White House rounds up friendly Sotomayor sources for reporters
As part of its effort to sell Supreme Court nominee Sonia Sotomayor, the White House Wednesday took the unusual step of arranging a conference call for reporters with a variety of outside legal experts who support the nominee.Skip to next paragraph
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The call was part of a sophisticated strategy to build support for President Obama’s first nominee to the high court. As part of the plan, on Tuesday the White House held a background briefing for reporters where administration officials explained the President’s selection and sung Judge Sotomayor's praises.
A number of reporters protested ground rules which kept the administration officials from being identified, even though they were also making some of the same arguments on camera for cable news outlets.
Not a discouraging word
The conference call Wednesday afternoon was the first time in memory when the press office has arranged for nongovernment officials to brief reporters. Five legal experts delivered brief remarks about Judge Sotomayor’s qualifications. Without exception, they spoke in glowing terms during a call that lasted slightly longer than half an hour.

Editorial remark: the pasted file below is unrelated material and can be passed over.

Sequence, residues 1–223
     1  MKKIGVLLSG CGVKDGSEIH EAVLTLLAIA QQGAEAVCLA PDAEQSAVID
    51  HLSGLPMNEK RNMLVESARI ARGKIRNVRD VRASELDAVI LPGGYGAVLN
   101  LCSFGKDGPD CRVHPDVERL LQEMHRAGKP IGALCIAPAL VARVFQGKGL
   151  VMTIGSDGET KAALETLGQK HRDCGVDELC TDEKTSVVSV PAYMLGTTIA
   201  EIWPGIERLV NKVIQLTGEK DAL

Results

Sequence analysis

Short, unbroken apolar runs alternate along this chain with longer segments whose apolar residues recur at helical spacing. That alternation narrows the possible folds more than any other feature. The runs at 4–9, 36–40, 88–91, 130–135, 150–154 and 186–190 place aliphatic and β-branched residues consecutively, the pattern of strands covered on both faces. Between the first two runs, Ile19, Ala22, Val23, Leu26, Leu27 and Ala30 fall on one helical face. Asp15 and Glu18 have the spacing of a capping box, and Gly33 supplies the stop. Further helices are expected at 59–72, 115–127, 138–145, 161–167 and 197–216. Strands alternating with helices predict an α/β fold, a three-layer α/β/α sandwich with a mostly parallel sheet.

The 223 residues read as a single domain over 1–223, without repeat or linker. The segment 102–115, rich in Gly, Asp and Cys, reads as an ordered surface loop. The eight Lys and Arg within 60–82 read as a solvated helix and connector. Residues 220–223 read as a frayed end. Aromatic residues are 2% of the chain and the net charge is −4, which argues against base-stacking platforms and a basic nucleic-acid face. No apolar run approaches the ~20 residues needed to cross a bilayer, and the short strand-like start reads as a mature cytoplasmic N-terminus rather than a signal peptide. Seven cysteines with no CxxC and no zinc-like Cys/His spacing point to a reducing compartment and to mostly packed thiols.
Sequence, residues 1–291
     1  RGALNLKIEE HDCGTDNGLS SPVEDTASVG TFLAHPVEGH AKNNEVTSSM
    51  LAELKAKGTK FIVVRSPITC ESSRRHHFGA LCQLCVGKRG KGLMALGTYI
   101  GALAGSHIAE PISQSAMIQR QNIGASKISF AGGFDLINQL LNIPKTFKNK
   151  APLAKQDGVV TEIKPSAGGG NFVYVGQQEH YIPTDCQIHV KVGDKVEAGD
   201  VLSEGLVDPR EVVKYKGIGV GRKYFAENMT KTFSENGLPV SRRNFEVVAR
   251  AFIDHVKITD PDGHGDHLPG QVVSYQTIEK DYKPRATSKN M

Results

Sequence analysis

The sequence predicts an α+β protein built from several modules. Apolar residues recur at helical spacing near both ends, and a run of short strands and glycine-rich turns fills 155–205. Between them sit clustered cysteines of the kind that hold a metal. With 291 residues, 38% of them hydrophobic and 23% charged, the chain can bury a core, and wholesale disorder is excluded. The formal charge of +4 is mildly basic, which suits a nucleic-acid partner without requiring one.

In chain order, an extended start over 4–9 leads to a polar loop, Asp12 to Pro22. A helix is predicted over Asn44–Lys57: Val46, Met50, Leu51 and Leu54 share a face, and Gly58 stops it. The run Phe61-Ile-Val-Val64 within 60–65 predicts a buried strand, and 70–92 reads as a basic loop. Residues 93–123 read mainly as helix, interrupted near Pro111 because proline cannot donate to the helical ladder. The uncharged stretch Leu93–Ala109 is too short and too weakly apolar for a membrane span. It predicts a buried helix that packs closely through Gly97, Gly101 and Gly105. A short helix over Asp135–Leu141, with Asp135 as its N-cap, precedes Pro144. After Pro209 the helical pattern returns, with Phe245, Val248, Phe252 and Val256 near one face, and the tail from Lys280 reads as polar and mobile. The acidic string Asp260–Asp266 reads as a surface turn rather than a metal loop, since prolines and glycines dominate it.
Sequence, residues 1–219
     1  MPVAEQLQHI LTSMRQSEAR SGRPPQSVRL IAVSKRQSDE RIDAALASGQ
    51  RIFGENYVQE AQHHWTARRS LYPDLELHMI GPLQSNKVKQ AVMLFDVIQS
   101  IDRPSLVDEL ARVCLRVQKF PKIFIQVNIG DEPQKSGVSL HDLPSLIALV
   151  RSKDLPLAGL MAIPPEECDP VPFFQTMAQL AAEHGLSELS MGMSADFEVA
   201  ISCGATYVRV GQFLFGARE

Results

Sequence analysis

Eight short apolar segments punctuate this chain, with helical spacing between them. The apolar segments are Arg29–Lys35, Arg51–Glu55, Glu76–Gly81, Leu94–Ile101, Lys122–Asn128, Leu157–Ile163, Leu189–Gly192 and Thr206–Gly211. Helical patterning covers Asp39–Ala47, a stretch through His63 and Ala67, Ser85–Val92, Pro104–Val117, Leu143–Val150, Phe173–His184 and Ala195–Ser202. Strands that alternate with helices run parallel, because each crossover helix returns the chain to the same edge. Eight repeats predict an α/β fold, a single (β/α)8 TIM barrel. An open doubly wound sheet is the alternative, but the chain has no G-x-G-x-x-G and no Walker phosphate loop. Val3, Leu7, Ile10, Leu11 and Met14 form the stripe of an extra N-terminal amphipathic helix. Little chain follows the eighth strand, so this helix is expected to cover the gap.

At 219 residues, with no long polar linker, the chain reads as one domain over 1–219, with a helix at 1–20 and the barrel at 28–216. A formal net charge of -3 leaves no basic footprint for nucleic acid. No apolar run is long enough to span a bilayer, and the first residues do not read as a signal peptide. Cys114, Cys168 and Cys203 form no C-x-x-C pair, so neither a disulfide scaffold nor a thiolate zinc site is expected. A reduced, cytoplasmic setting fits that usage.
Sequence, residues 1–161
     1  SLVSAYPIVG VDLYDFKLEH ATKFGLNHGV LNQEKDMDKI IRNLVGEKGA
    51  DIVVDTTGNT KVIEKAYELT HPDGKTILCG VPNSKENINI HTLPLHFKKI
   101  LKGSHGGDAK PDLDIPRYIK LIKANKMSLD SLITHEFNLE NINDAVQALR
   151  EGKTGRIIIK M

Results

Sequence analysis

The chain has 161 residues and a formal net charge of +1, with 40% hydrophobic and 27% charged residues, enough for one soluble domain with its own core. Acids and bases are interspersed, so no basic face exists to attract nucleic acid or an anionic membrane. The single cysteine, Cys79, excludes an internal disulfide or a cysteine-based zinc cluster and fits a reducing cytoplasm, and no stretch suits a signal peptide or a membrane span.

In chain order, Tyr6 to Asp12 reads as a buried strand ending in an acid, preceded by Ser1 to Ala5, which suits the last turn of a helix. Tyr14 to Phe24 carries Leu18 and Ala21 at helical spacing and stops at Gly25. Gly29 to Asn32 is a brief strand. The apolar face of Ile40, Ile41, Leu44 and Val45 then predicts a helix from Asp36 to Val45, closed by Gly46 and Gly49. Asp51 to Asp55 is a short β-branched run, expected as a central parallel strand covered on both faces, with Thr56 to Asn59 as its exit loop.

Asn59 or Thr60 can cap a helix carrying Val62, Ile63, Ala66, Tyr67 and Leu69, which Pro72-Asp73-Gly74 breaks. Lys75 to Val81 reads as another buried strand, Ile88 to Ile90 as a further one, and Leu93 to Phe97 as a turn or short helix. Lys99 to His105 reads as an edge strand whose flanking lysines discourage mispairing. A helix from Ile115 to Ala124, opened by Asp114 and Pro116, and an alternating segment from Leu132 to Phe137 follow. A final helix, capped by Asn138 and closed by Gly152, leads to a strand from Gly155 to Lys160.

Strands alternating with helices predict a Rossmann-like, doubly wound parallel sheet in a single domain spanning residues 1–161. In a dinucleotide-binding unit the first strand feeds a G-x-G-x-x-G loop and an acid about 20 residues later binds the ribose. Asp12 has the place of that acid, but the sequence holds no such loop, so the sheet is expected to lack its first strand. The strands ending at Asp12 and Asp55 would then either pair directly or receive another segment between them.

Another Yale law classmate of Sotomayor’s, Paul Smith, a partner at the firm Jenner & Block, chimed in to say the nominee “cares about the craft” and is “a careful person who can go either way” on controversial issues.
A non-Yalie's view
William Marshall, a professor the University of North Carolina School of Law, quipped that he did not go to school with the nominee. He called Sotomayor “a cautious lawyer” and one who “cares a lot about the craft.”
Before opening the session up for questions, the final prepared remarks came from Kevin Russell, a partner at Howe & Russell and an author of the influential SCOTUSblog. He said Sotomayor embodied “judicial modesty” and has “shown herself to be very respectful of precedent.”
Bullying from the bench?
The most pointed portion of the question and answer session came when attorney Russell addressed criticism that Judge Sotomayor could bully lawyers who appear before her. Russell said that Sotomayor does not suffer fools gladly. He added that it is “predictable that some of those fools will complain about it.”